Virginia’s 2013 tax deform was an abomination because it obliterated the user-pays principle for transportation funding, in which the people who use roads and rail are the ones who pay for it. Legislators embraced the essentially socialist principle that everyone should help pay for transportation infrastructure, regardless of how much they use it, or indeed whether they use it at all.  Telecommuters, bicycle riders, pedestrians and little old ladies who drive 3,000 miles a year contribute as much through their sales taxes as road warriors driving 20,000 miles a year and rail riders who pay nothing toward the cost of building their projects.

By jacking up the wholesale price of gasoline, the commonwealth will partially, though incompletely, restore the user pays principle, at least for road users. The system for financing transportation improvements in Virginia remains hopelessly broken, but it’s a little less hopelessly broken than it otherwise would have been.

Virginia’s Top Stories in 2014

mcd convictedBy Peter Galuszka

The Year 2014 was quite eventful if unsettling. It represented some major turning points for the Old Dominion.

Here are my picks for the top stories:

  • Robert F. McDonnell becomes the highest-ranking former or serving state official to be convicted of corruption. The six-week-long trial from July to September of the Republican former governor and his wife, Maureen, was international news. In terms of trash, it offered everything – greed, tackiness, a dysfunctional marriage, a relationship “triangle,” and an inner glimpse of how things work at the state capital.  More importantly, it ends forever the conceit that there is a “Virginia Way” in which politicians are gentlemen above reproach, the status quo prevails and ordinary voters should be kept as far away from the political process as possible. It also shows the unfinished job of reforming ethics. The hidden heroes are honest state bureaucrats who resisted top-down pushes to vet dubious vitamin pills plus the State Police who did their investigative duty.
  • Eric Cantor loses. Cantor, another Republican, had been riding high as the 7th District Congressman and House Majority Leader. A wunderkind of the Richmond business elite, Cantor was positioned to be House Speaker and was considered invulnerable, at least until David Brat, an unknown college economics professor and populist libertarian, exploited fractures in the state GOP to win a stunning primary upset. Cantor immediately landed in a high-paying lobbying job for a financial house.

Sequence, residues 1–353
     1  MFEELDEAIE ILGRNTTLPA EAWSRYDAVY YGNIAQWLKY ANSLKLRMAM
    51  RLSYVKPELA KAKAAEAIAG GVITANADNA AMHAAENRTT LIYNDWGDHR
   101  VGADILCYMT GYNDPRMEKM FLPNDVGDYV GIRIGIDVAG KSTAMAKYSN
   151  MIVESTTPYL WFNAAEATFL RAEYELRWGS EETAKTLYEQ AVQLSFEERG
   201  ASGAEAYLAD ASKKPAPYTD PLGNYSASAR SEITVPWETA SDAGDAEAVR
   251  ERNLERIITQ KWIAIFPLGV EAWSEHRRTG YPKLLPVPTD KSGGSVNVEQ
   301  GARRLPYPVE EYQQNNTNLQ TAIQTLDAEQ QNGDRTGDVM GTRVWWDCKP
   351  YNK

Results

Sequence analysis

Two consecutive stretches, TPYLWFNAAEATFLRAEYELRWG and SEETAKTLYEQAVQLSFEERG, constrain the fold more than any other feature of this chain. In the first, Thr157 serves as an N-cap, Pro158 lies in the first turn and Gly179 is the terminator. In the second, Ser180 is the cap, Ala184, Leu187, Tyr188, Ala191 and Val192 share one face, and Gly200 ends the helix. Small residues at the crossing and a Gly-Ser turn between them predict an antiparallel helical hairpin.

• Terry McAuliffe takes over. The Democrat Washington insider and Clinton crony beat hard-right fanatic Kenneth Cuccinelli in a tight 2013 race. He bet almost everything on getting the GOP-run General Assembly to expand Medicaid benefits to 400,000 low income Virginians. He lost and will try again. He’s done a pretty good job at snaring new business, notably the $2 billion Shandong-Tralin paper mill from China for Chesterfield County. It will employ 2,000.
  • Roads projects blow up. Leftover highway messes such as the bypass of U.S. 29 in Charlottesville finally got spiked for now. Big questions remain about what happened to the $400 million or so that the McDonnell Administration spent on the unwanted U.S. 460 road to nowhere in southeastern Virginia.
  • Gay marriage becomes legal. A U.S. District Judge in Norfolk found Virginia’s ban on gay marriage unconstitutional and the U.S. Supreme Court pushed opening gay marriage farther. The rulings helped turn the page on the state’s prejudicial past, such as the ban on interracial marriage that lasted until the late 1960s.
  • Fracking changes state energy picture. A flood of natural gas from West Virginia and Pennsylvania has utilities like Dominion Resources pushing gas projects. It’s been nixing coal plants and delaying new nukes and renewables. Dominion is also shaking things up by pitching a $5 billion, 550-mile-long pipeline through some of the state’s most picturesque areas – just one of several pipelines being pitched. The EPA has stirred things up with complex new rules in cutting carbon emissions and the state’s business community and their buddies at the State Corporation Commission have organized a massive opposition campaign. McAuliffe, meanwhile, has issued his “everything” energy plan that looks remarkably like former governor McDonnell’s.
  • State struggles with budget gaps. Sequestration of federal spending and defense cuts have sent officials scrambling to plug a $2.4 billion gap in the biennial budget. It is back to the same old smoke and mirrors to raise taxes while not seeming to. Obvious solutions – such as raising taxes on gasoline and tobacco – remain off limits.
  • College rape became a hot issue after Rolling Stone printed a flawed story about an alleged gang rape of a female student at the prestigious University of Virginia in 2012. Progressives pushed for raising awareness while conservatives took full advantage of the reporter’s reporting gaps to pretend that sex abuse is not really an issue.
  • Poverty is on the radar screen, especially in Richmond which has poverty rate of 27 percent (70 percent in some neighborhoods) and other spots such as Newport News. Richmond Mayor Dwight Jones got a lot of national press attention for his campaign to eradicate poverty but it is really hard to understand what he’s actually doing or whether it is successful. The real attention in Richmond is on such essentials as replacing the Diamond baseball stadium, justifying a training camp for the Washington Redskins and giving big subsidies for a rich San Diego brewer of craft beer.
  • Day care regulation. Virginia has a horrible reputation for allowing small, home day care centers to operate without regulation. Dozens have children have died over the past few years at them. This year there were deaths at centers in Midlothian and Lynchburg.